CM . . .
. Volume XI Number 16 . . . . April 15, 2005
As soon as Juliet steps on a stage, her knees tremble, her mouth turns dry as dust, and she is struck dumb. Tired of being teased for her shyness, Juliet escapes to the country to visit her grandmother. There, she tends the garden, plays checkers with Grandma Hogsworth, studies foreign languages, practices ballet and memorizes great plays such as Hamlet and George Barnyard Shaw's Pigmalion. One day at the market, the timid piglet finds everyone in a great state of excitement. The famous French director, Monsieur Phillipe Le Cochon, is coming to town to direct Pigmalion! Has Juliet the courage to audition? With her grandmother's encouragement, off she goes to the theatre. From the balcony, she watches as each would-be piglet thespian auditions for the starring role of Eliza Piglittle. Juliet knows she can read for the part with the drama and passion M. Le Cochon wants, but she cannot overcome her fear to try out. Finally, after the auditions are over and all the piglets have left, Juliet summons the nerve to lean over the balcony and recite the lines of Eliza Piglittle in her sweet, clear, enchanting voice.
Alas, Juliet's courage fails once again. However, before she flees, she promises not only to take the part, but also to be there on opening night. At this point, the story goes right off the rails, as the likelihood of a director (even in Pigsville) casting an actor who will not attend rehearsals is simply ridiculous. That the cast and director would rehearse right up to the evening of the production without the main character (even though M. Le Cochon spies the retiring star peeking out from behind the scenery) is even more improbable. On opening night, however, justifying that old theatre cliché, "It will be all right on the night, "sure enough Juliet steps onto the stage and delivers her lines "with such passion, such sparkle, such joy that the audience was spellbound." Juliet basks in the adulation of the crowd and cheers of "Bravo, Juliet" as she takes her curtain call.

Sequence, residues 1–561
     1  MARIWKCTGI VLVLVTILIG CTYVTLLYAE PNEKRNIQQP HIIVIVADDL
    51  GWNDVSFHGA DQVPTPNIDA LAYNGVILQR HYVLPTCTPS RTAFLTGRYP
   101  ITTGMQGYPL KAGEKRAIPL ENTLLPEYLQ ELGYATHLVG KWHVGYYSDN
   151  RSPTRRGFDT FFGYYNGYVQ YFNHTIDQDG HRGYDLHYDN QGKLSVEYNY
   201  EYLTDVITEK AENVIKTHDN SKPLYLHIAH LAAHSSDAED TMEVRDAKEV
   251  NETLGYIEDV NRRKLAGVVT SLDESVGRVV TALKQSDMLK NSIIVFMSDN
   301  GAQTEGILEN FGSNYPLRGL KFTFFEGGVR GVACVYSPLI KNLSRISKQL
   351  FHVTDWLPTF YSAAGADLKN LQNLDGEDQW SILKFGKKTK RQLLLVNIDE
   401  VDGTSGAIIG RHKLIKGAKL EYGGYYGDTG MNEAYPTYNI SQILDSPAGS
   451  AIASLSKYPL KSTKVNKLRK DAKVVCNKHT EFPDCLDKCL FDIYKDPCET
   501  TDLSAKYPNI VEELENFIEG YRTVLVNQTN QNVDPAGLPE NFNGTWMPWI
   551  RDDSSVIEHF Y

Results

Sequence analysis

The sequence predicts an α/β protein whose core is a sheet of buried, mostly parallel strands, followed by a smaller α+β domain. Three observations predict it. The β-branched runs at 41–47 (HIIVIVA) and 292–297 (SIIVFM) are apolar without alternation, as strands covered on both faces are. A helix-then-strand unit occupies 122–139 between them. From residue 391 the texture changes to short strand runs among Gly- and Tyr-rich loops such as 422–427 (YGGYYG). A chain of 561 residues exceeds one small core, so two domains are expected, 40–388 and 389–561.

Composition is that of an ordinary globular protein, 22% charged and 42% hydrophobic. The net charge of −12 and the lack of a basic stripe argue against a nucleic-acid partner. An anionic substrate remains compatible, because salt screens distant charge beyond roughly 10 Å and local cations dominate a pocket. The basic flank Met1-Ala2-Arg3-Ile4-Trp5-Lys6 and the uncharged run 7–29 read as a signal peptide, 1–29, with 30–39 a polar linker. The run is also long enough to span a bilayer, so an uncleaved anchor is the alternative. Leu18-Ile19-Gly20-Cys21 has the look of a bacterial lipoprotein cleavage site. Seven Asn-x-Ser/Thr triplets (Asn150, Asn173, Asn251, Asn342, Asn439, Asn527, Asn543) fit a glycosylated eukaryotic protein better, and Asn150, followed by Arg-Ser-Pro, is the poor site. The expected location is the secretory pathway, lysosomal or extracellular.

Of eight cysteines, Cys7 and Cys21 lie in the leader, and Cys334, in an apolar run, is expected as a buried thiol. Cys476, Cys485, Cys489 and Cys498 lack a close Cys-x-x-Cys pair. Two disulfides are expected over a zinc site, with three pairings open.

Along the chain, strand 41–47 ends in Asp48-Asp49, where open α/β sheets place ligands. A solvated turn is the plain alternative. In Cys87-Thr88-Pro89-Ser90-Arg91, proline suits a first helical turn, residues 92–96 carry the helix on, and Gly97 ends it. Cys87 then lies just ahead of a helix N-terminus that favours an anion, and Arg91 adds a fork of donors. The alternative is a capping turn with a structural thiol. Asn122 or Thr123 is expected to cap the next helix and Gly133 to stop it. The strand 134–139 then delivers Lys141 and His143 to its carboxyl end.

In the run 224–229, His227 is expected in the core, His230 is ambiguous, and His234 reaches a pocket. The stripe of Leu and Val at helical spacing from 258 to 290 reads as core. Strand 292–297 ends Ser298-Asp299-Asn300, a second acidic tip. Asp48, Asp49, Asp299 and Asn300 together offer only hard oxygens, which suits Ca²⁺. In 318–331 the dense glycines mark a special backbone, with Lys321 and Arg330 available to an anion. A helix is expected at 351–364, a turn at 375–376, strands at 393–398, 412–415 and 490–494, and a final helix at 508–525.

A reader might be forgiven for being confused about the theme of Pigmalion, which, according to the author, is facing one's fears to follow one's dreams. To anyone who has had experience with children and performances, Pigmalion sends entirely the wrong message. The story implies that talent is sufficient for stardom without the essential steps of self-discipline, acceptance of direction and teamwork. The book has the effect of encouraging would-be performers to expect success and glory at the final curtain despite an unwillingness to take part in the necessary work leading up to that success.
As for Leznoff's text, it is certainly lively and amusing and will hold the attention of young listeners, despite the fact that some of the "pig-puns" will go over their heads. Rachel Berman is a talented artist whose stylish illustrations appear to set the story in a bygone era somewhere in France. Her costuming of the pigs in shawls, long skirts, and pinafores with the rakish Phillipe Cochon sporting bow tie and sunglasses is clever and seems to suggest the early 20th century setting of the original Pygmalion.
In all, Pigmalion is just the right length for an enjoyable storytime reading to the kindergarten to Grade 3 group and should provide some good discussion opportunities on the subjects both of shyness and play participation.
A retired teacher-librarian, Valerie Nielsen lives in Winnipeg, MB.
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Copyright © the Manitoba Library Association. Reproduction for personal use is permitted only if this copyright notice is maintained. Any other reproduction is prohibited without permission.